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Last Updated: April 28, 2017
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· caleb531
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Bash: Function to remove last-typed command from history

I use Bash every day as my shell of choice. Because I tend to type quickly, I occasionally mistype a command and accidentally execute it before I can correct the typo, resulting in the mistyped command on my bash history (meaning I need to avoid in when pressing the up-arrow). Similarly, I might type a command which is syntactically-correct, but results in an error (and so the command might not be worth keeping in history)

So, I wrote a little Bash function to remove the very last command from the Bash history, which will take effect immediately. You can optionally remove the last n commands if you pass an integer argument. I call the function rmlastcmd.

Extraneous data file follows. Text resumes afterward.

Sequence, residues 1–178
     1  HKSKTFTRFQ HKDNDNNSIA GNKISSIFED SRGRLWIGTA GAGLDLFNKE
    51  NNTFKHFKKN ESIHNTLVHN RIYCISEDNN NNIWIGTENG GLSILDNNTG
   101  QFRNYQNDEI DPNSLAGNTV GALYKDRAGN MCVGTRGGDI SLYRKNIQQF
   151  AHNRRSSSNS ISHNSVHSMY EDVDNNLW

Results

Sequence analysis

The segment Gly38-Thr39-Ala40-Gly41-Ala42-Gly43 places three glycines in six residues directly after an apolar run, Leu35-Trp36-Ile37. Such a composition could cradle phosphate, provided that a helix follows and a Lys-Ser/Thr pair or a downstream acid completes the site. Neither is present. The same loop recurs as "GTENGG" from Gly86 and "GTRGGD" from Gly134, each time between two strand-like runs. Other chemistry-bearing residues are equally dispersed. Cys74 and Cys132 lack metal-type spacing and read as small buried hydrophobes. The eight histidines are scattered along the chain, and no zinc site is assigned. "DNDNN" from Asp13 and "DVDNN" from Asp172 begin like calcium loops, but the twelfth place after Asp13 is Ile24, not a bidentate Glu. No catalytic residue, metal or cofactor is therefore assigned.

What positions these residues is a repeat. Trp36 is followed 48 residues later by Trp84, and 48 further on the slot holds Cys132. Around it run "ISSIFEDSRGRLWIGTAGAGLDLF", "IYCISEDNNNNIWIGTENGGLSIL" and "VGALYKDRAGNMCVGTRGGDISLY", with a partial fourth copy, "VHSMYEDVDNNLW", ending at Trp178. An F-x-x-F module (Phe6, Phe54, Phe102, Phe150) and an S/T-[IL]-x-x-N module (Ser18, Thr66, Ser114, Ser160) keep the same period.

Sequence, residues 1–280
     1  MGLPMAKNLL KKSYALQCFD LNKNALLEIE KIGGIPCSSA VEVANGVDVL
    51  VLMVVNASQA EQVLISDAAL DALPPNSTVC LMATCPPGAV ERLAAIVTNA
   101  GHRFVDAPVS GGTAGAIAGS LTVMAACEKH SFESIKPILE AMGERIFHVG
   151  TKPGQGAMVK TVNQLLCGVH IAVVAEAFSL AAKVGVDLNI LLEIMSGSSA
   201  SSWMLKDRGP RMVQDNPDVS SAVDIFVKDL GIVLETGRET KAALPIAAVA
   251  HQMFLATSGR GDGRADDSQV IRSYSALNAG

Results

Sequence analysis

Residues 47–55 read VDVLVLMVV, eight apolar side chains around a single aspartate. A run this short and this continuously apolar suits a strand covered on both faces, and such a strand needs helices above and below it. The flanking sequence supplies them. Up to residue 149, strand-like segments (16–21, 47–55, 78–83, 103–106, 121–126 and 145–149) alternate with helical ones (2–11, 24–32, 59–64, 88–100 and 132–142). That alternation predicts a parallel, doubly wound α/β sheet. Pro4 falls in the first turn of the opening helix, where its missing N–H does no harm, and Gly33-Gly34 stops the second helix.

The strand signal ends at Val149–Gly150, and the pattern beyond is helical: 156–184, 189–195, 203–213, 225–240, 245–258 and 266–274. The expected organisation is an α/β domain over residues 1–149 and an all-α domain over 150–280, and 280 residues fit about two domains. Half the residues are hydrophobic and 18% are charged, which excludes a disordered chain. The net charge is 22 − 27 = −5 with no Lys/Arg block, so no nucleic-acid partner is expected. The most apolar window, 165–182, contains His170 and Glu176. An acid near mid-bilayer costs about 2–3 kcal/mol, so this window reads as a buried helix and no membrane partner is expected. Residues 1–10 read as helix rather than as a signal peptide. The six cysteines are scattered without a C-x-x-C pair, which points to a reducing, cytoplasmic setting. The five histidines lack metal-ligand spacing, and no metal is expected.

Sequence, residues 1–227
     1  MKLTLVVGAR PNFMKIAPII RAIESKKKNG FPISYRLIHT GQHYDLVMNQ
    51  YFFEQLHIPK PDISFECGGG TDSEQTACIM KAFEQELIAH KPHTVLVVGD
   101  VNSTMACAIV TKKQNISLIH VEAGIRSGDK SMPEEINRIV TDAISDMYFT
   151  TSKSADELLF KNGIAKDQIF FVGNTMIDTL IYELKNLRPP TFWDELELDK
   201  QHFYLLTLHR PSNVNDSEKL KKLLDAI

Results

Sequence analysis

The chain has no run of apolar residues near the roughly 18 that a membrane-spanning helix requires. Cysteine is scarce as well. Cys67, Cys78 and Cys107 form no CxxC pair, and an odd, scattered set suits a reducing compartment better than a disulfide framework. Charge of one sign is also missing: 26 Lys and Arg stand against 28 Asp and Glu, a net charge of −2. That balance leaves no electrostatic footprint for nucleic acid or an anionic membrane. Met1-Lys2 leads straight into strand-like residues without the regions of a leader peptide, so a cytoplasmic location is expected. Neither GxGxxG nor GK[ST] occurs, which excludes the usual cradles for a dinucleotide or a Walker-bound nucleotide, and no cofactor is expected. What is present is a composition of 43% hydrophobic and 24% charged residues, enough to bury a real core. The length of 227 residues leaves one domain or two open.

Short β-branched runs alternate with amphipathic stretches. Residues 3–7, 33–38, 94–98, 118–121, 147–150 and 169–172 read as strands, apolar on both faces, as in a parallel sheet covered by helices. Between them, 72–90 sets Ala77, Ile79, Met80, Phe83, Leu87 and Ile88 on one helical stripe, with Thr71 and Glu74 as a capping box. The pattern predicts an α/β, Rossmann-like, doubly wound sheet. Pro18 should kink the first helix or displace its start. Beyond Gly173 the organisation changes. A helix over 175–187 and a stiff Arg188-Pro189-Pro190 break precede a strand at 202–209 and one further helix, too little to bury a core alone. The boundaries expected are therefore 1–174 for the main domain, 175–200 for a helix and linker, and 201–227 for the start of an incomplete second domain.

Simply add the following to your .bashrc on Linux (or .bash_profile on macOS):

# Also be sure to add rmlastcmd to your HISTIGNORE;
# otherwise, rmlastcmd will always remove itself
export HISTIGNORE='rmlastcmd*'
# Remove last n commands from Bash history (n defaults to 1)
rmlastcmd() {
    local n="$([ -n "$1" ] && echo "$1" || echo 1)"
    local i
    for ((i=0; i<$n; i++)); do
        history -d "$((HISTCMD-1))"
    done
}

Running rmlastcmd is easiest if you have bash-completion installed and enabled, as you can simply type rml<tab>. Enjoy!

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